The leadership team has maintained the good quality of education in the school since the last inspection. Since taking up the post of headteacher in September 2016, you have provided determined leadership aimed at ensuring a high-quality education for every pupil, regardless of their ability or circumstances. Your staff support your vision and work hard to maintain the school’s strengths and improve the school further. There is a caring and stimulating ethos in the school, which enables pupils to make strong progress and achieve well. However, you and your leadership team are not complacent and you are ambitiously implementing plans to help pupils, particularly the most able, make even greater progress. Pupils behave very well. They are kind and respectful towards each other and their teachers. Pupils are proud of their school and take good care of their school environment. They appreciate the wide range of clubs and trips on offer. Leaders ensure that all pupils can access these enriching experiences. Pupils told inspectors that they enjoy school, and this is reflected in their good levels of attendance. The attendance of most disadvantaged pupils and those who have special educational needs/and or disabilities is improving. Since the last inspection, leaders have developed meticulous systems to assess and track pupils’ progress regularly. This helps ensure that any pupil who is at risk of falling behind is spotted quickly. Prompt and useful support helps these pupils achieve well. For example, pupils who find reading difficult are given appropriate individual support and quickly begin to make rapid progress. Effective training helps teachers plan effectively for the needs of pupils of varying abilities. Pupils now make more consistent progress in all subjects. Subject and pastoral leaders monitor the quality of teaching and pupils’ progress effectively. As a result, leaders and governors know the strengths of the school. You also know where further improvement is needed. For example, you recognise that pupils whose circumstances make them particularly vulnerable need to make more rapid progress. Governors know the school well and they provide strong support and challenge to you and other leaders. Morale is high at your inclusive school. Everyone shares your ambition that all pupils achieve their very best and develop into well-rounded citizens. Parents speak highly of the school and almost all parents who responded to Ofsted’s online questionnaire, Parent View, would recommend the school to another parent. Safeguarding is effective. The leadership team has ensured that all safeguarding arrangements are fit for purpose. All records are detailed and of a high quality. Staff receive regular training about how to keep children safe from abuse, sexual exploitation, radicalisation and extremism. Before appointing staff, leaders carry out all of the required employment checks. These are then recorded meticulously on the school’s single central register. There is a strong culture of vigilance and support to ensure that pupils are kept safe. Staff are knowledgeable about safeguarding procedures and practices because they receive regular training and updates. Governors have undertaken all the necessary safeguarding training. A dedicated team of staff works with determination and sensitivity alongside parents and external agencies to support vulnerable pupils. Parents say that their children feel safe in school. Pupils state that staff are approachable and that they know an adult they can turn to if they have any worries. Pupils appreciate the concern that staff members have for their welfare and well-being. Inspection findings During this inspection, inspectors focused on the following lines of enquiry: the effectiveness of the curriculum, particularly for the most able pupils; the attendance and progress of vulnerable pupils; pupils’ achievement in science; the effectiveness of teaching of pupils who have special educational needs and/or disabilities; how effectively leaders are developing an inclusive ethos in the school. Since the last inspection, pupils’ achievement in science has improved and continues to improve. There has been an effective focus on improving teaching and learning. Teachers rightly speak highly of your ‘outstanding teacher intervention programme’. They are now skilled in planning lessons that cater well for pupils with varying starting points. For example, in a practical science lesson, lower-ability pupils completed experiments with great care and worked well in groups to record accurate results. Examination results, teachers’ assessments of current pupils’ achievement, together with evidence in pupils’ work, support school leaders’ evaluation that the quality of teaching is now consistently strong. As a result, pupils achieve well and say that they enjoy science. Leaders are beginning to act to ensure that the curriculum provides well for the most able pupils. The proportion of most-able pupils successfully taking a modern foreign language at GCSE is increasing. The science department is very enthusiastic about introducing separate sciences at GCSE so that the most able pupils are better prepared for post-16 courses. As a result, teachers are sensitively supporting the most able pupils, including those from disadvantaged backgrounds, to take, and experience success in, challenging subjects both at GCSE and in the sixth form. The leadership team has introduced a wide range of effective approaches which help disadvantaged pupils achieve well. Leaders and teachers now monitor closely the progress of all pupils whose circumstances make them vulnerable to underachievement. Consequently, teachers are swift to provide effective additional help to support pupils who are at risk of falling behind. Progress of the most disadvantaged pupils now closely matches the strong progress of other pupils at the school. Some pupils whose circumstances make them particularly vulnerable are well supported in their personal development. However, you correctly recognise that for these pupils, their academic progress could improve further. The arrangements for identifying and helping pupils who have special educational needs and/or disabilities are effective. Teachers work closely with learning support assistants to ensure that these pupils achieve well. Leaders suitably adapt the curriculum for individuals who need extra help, particularly at GCSE. Next steps for the school Leaders and those responsible for governance should ensure that: teachers strengthen the academic support given to the small group of pupils whose circumstances make them particularly vulnerable, so that their achievement continues to improve plans to provide a more challenging curriculum for the most able pupils are further developed.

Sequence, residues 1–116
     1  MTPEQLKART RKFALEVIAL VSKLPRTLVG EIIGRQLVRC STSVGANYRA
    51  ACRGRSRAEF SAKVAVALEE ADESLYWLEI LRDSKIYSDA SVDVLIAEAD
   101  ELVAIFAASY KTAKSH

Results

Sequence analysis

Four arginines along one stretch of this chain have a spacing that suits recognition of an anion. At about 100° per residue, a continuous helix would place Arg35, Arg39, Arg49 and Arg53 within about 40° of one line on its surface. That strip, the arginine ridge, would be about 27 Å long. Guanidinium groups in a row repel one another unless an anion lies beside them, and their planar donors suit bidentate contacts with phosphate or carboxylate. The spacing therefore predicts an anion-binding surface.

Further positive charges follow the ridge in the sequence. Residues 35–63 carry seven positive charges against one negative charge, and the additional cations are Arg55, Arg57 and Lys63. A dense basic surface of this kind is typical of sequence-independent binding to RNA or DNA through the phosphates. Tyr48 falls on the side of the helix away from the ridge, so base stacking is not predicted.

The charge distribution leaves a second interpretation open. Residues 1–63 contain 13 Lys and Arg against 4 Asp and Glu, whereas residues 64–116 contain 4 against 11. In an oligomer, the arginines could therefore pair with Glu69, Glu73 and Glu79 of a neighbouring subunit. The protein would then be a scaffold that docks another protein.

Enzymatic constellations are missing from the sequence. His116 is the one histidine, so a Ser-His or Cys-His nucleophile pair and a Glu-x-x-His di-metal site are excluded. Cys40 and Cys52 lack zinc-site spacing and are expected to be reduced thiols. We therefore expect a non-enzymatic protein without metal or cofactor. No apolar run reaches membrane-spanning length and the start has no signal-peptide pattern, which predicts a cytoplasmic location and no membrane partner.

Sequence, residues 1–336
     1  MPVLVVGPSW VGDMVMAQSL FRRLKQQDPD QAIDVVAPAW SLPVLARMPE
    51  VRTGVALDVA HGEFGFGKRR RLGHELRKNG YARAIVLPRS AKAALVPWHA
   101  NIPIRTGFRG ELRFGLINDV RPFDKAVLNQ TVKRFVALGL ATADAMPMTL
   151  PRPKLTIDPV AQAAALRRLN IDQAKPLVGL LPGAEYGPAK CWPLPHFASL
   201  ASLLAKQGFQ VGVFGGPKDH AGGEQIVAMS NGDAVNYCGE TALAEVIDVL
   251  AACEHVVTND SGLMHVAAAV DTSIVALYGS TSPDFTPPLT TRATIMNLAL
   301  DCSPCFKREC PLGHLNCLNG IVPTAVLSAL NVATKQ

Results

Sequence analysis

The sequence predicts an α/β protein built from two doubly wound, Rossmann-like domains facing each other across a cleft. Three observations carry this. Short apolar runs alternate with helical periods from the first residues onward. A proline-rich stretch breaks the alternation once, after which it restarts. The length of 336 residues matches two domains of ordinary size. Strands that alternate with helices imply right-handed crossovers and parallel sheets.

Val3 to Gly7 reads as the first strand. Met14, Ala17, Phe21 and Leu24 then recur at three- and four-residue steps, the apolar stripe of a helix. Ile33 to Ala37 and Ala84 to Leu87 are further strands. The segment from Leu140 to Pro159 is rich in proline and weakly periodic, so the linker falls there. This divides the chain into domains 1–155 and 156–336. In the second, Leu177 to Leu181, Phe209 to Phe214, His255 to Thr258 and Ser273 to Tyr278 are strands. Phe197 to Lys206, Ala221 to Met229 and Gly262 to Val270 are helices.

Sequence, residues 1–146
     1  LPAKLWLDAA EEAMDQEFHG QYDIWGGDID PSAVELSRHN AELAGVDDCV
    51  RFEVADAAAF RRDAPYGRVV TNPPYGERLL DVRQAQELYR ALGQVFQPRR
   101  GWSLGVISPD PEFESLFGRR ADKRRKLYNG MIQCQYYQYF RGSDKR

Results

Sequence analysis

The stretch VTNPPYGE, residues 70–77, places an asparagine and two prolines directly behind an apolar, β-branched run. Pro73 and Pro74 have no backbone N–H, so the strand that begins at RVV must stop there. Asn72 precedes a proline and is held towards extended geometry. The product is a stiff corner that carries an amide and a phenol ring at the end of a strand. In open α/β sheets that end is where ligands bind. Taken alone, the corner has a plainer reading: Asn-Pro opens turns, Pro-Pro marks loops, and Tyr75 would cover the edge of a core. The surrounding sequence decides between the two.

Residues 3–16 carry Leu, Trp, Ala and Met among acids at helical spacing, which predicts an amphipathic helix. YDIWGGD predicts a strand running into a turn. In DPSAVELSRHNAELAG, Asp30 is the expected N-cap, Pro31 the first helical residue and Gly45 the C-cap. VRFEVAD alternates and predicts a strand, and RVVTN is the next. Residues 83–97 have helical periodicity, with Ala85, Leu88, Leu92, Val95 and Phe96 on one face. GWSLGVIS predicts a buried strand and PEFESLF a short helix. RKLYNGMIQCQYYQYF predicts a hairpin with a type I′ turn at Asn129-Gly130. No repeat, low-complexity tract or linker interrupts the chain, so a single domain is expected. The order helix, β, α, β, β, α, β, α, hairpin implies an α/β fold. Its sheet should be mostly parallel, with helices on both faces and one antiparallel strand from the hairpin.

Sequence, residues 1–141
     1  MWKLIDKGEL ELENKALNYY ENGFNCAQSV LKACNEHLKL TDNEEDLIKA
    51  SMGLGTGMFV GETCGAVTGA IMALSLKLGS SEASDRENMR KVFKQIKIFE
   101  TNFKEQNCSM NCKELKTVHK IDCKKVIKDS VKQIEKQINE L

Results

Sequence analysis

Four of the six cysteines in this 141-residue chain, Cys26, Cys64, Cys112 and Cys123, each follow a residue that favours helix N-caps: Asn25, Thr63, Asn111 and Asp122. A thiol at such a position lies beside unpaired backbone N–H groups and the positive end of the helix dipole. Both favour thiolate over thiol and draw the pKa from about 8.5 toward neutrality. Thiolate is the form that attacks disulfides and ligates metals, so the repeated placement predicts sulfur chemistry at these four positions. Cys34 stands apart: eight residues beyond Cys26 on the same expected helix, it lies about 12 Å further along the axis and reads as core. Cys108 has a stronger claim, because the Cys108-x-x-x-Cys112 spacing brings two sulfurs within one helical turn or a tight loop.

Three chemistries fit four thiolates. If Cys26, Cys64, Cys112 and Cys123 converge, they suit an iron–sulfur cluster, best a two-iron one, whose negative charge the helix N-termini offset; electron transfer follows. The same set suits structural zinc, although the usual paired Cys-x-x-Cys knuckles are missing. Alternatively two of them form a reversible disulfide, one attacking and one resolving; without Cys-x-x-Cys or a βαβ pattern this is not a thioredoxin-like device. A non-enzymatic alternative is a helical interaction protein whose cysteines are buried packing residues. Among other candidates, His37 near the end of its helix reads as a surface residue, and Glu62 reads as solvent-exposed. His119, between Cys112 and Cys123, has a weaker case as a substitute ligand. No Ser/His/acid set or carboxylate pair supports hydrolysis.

Great Marlow School Parent Reviews



Average Parent Rating

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“Review of Great Marlow School”

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"> This a brilliant school and has allowed my children to excel in their education as well as extra-curricular areas and sport. I would highly recommended this school, it produces articulate, resilient and capable student who are well prepared for life in general.
unlock % Parents Recommend This School
Strongly Agree 70% Agree 26% Disagree 2% Strongly Disagree 0% Don't Know 1% {"strongly_agree"=>70, "agree"=>26, "disagree"=>2, "strongly_disagree"=>0, "dont_know"=>1} Figures based on 297 responses up to 10-11-2018
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Figures based on 297 responses up to 10-11-2018

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Figures based on 297 responses up to 10-11-2018

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Figures based on 297 responses up to 10-11-2018

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Figures based on 297 responses up to 10-11-2018

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Figures based on 297 responses up to 10-11-2018

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Figures based on 297 responses up to 10-11-2018

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Figures based on 297 responses up to 10-11-2018

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Figures based on 297 responses up to 10-11-2018

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Figures based on 297 responses up to 10-11-2018

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Figures based on 297 responses up to 10-11-2018

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Figures based on 297 responses up to 10-11-2018

Responses taken from Ofsted Parent View